The appointment of William Lynch as CEO of Barnes & Noble Inc. marks the first time since Len Riggio started the company that a Riggio will not be in charge of the day-to-day operation of the nation's largest bookseller. The Lynch appointment is also further acknowledgment by the Riggios that the future of the company lies in selling more print books online as well as digital content in a variety of formats. In discussing B&N's most recent quarterly results, Steve Riggio, who Lynch is succeeding as CEO, said 2010 will be a watershed year during which B&N will begin its transformation to an e-commerce retailer (PW, Mar. 1).

Lynch, 39, has a technology-rich background. Just before joining B&N in February 2009, he was at HSNi (the home shopping network), where he was executive v-p of marketing and general manager of From 2004 to 2008 he was CEO of, a company he cofounded, and was at Palm Inc. from 2000 to 2004, where he was v-p and general manager for e-commerce. During his time at B&N he has learned the book business quickly and has developed business models that benefit everyone, Steve Riggio said. At the recent AAP annual meeting, where he was a featured speaker, Lynch announced plans to bundle e-books with print editions, and said the right price of an e-book is somewhere between $9.99 and $20. And while he supports the move to an agency model to sell e-books in place at five of the six largest trade houses, Lynch told PW B&N will review terms on which it sells e-books from other publishers “on a case-by-case basis.”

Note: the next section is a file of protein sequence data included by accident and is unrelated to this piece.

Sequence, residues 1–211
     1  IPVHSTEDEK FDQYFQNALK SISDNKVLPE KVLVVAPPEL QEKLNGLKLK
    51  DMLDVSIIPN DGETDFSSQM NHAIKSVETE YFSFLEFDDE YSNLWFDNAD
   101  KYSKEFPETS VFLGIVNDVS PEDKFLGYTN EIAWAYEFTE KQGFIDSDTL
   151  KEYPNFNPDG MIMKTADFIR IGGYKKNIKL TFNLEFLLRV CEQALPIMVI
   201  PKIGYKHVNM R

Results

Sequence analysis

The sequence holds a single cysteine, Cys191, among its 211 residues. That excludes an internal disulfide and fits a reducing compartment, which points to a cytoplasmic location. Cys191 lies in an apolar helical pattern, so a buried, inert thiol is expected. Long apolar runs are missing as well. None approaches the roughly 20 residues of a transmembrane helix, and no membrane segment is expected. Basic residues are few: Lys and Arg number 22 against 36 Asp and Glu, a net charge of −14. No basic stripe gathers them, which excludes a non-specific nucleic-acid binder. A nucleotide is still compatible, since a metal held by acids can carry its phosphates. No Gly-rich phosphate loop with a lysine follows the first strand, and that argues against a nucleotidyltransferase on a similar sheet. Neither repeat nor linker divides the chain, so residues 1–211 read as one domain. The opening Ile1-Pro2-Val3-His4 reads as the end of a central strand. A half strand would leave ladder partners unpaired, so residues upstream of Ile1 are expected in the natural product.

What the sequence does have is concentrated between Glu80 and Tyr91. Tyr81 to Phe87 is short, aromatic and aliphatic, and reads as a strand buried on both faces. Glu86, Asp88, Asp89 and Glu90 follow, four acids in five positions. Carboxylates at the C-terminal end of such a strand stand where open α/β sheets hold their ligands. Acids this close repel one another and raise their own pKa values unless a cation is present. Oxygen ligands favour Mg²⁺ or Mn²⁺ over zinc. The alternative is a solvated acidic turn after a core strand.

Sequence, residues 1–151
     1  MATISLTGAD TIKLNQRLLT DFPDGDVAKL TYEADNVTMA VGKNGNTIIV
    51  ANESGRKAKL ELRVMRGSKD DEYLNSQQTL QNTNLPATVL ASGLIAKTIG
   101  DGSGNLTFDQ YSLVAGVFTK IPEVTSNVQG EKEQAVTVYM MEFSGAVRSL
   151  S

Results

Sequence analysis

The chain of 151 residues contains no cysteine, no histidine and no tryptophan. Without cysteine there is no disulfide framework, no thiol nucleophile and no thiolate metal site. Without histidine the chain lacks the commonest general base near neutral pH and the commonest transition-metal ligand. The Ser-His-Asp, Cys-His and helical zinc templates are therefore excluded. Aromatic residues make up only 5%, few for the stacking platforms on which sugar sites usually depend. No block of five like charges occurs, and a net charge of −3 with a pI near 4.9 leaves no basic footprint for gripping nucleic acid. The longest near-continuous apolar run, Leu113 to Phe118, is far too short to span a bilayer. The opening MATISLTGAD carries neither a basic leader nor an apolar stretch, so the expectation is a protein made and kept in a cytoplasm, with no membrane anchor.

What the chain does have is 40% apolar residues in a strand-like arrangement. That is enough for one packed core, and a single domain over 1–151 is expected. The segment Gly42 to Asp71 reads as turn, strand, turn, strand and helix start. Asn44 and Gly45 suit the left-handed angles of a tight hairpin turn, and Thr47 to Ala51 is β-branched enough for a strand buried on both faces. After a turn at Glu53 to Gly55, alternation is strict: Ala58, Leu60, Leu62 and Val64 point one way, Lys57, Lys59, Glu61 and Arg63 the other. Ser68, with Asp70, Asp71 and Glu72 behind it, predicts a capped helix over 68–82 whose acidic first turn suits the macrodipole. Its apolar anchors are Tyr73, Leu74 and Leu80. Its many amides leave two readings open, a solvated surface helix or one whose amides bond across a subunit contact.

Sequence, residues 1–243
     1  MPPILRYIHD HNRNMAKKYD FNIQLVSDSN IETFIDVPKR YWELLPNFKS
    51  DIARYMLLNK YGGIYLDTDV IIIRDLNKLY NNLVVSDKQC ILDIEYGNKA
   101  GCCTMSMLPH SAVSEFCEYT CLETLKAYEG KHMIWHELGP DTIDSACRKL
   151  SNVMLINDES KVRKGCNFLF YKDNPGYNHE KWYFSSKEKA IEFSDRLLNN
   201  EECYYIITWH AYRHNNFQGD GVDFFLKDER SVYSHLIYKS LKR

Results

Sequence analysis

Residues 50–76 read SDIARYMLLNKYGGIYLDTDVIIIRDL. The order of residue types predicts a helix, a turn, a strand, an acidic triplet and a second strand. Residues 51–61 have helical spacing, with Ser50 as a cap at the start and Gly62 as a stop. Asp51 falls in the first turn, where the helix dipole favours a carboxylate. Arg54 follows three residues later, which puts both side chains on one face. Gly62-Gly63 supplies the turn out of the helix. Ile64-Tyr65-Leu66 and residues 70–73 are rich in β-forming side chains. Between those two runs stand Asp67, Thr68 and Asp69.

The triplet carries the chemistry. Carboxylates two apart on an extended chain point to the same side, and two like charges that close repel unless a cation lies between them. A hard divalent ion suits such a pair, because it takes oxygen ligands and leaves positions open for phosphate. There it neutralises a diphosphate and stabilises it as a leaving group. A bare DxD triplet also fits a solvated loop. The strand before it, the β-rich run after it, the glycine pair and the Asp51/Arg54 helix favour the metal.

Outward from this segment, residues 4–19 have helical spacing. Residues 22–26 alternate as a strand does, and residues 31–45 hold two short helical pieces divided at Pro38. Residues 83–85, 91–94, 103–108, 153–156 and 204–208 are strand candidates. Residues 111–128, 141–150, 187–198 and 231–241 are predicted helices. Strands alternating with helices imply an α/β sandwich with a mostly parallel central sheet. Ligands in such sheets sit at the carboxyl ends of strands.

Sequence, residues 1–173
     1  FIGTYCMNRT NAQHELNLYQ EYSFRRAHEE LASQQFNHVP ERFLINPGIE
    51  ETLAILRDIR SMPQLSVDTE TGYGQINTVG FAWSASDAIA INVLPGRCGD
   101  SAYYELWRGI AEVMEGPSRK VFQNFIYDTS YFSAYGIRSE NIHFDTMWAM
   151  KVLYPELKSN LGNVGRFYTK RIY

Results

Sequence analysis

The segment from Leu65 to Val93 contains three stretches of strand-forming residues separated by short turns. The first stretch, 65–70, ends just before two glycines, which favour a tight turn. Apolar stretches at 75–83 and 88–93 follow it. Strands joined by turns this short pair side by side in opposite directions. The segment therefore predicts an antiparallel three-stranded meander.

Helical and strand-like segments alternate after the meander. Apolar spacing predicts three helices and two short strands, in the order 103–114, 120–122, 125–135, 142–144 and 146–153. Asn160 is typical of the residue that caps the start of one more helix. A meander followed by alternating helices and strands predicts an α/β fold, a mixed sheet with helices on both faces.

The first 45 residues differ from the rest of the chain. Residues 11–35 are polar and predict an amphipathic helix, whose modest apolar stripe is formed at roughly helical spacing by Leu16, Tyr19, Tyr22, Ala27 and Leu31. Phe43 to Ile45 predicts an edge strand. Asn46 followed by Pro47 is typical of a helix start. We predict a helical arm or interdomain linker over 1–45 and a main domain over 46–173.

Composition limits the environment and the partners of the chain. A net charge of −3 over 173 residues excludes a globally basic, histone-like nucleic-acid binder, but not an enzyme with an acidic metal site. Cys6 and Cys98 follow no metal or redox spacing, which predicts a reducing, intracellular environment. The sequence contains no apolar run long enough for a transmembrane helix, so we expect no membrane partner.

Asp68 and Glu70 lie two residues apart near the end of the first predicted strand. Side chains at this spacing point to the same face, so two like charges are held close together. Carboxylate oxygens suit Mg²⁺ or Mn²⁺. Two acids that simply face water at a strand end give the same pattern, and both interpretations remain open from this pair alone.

During last week's conference call, Len Riggio said that while B&N will be ramping up its digital businesses, it remains committed to physical bookstores, saying that B&N will move into the future on two fronts. Lynch said his emphasis will be to integrate more technology into the stores. Last week, B&N announced its new More in Store program, which will be available for Nook users. Under the program, Nook owners will be able to browse digital editions of a store's entire book collection and will also be able to access exclusive content and special offers. Within a few months, B&N will enable customers to read complete e-books at the stores, allowing them to browse e-books much the same way they browse print books.

Riggio said there are no plans to dramatically shrink the bricks-and-mortar footprint of B&N in the near term and said he doesn't believe bookselling will move completely to online or digital sales. Bookstores remain crucial to selling books and are great gathering places, he said. Lynch called the stores “major assets,” but noted that moving forward, B&N will be using the stores more to market its digital products. The Nook, for example, is now in all trade stores and is being rolled out to more of B&N's college stores. Lynch noted that adding e-books to its print offerings has been positive for B&N. Nook buyers tend to buy more e-books than customers who buy just print books, and while e-book buyers buy fewer print books than they had, they still do buy traditional books. “In the aggregate, they are buying more from us, and that's a good thing,” Lynch said.